US Commerce Secretary Wilbur Ross went to Beijing over the weekend to talk trade, and the result was left to interpretation. Most headlines suggested that a cold warning from China on tariffs, and the lack of any joint statement, meant a trade war is imminent
By the White House’s account, released on Monday, nothing has been decided, but a deal on reducing the bilateral trade deficit is still in the works.
“The meetings focused on reducing the United States’ trade deficit by facilitating the supply of agricultural and energy products to meet China’s growing consumption needs, which will help support growth and employment in the United States,” the bland statement posted to the White House website read.
“The delegations will now report back to receive guidance on the path forward.”
Apparently, the US president hasn’t had time for a briefing on the fate of the world’s most important bilateral trade relationship yet.
That last statement can be read in the context of an announcement last week that tariffs on US$50 billion in Chinese goods will be proposed on June 15. The duties will be implemented “shortly thereafter,” the statement said.
The timing of the tariff proposals puts it immediately following Trump’s June 12 meeting with North Korean leader Kim Jong-un. Analysts – along with the Trump administration – have linked the US-China trade relationship with Beijing’s cooperation in applying pressure on the Kim regime and achieving denuclearization. Trump has himself suggested that Chinese President Xi Jinping had influenced a statement from North Korea following Kim’s second visit to China.
With the Trump White House focusing attention on the North Korea summit, now just a week away, a decision on a deal with China on trade may be on the backburner.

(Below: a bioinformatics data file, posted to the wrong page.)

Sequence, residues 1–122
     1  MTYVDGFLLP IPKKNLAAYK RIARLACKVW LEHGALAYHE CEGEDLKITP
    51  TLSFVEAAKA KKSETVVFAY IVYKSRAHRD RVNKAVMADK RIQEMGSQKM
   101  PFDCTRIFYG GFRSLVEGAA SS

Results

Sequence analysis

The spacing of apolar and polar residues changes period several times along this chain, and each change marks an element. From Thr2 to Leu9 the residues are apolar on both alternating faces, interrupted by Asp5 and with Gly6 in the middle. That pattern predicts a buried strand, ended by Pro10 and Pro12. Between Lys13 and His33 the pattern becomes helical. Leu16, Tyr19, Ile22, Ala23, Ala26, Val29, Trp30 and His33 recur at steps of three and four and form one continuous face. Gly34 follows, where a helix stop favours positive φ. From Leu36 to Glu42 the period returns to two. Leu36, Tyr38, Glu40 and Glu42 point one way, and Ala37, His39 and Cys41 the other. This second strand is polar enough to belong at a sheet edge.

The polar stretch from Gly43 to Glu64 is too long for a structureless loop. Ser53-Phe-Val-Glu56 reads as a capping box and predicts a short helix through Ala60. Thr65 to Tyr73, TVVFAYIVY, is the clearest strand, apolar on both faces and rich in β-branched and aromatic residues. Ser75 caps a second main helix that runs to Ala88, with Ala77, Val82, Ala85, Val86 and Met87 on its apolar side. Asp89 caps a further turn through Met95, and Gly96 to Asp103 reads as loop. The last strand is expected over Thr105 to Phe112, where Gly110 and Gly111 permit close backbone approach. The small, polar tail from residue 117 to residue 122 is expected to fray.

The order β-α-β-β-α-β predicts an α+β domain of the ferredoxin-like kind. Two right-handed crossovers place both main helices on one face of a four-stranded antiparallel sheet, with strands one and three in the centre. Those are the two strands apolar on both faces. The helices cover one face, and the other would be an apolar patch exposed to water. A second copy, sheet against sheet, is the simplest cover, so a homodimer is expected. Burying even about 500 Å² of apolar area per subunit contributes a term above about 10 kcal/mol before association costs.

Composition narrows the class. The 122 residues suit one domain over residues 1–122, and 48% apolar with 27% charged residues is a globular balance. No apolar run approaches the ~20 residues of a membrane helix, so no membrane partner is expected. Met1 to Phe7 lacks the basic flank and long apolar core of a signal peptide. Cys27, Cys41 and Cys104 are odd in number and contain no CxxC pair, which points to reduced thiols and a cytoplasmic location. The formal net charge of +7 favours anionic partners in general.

The Diplomat wrote, “with the start date looming for US tariffs on Chinese goods, the latest round of US-China trade discussions — possibly the last before tariffs take effect — ended without a breakthrough.”
Despite such reports warning that the real US-China tariff battle is finally set to begin, there is no timetable for an imposition of tariffs (unless “shortly thereafter” constitutes a timetable), should they be announced next week.
The announcement last week, and a coming list of proposed products, is just the latest in a long line of moves that Trump administration cabinet members including Wilbur Ross, economic advisor Larry Kudlow, and Treasury Secretary Steven Mnuchin have all suggested were leverage for negotiations. If tariffs were the ultimate policy goal, as suggested by trade advisor Peter Navarro, they would already have been imposed.
The focus of the trade talks on reducing the deficit with deals to sell China more natural gas and agriculture products, as indicated in the White House statement, confirmed that the administration has stepped back from trying to get China to make big changes to its industrial policy.
The failure to come to a deal over the weekend, more than a sign that the tariffs are coming, might more likely be a sign that the White House is waiting to see how the Kim summit shakes out.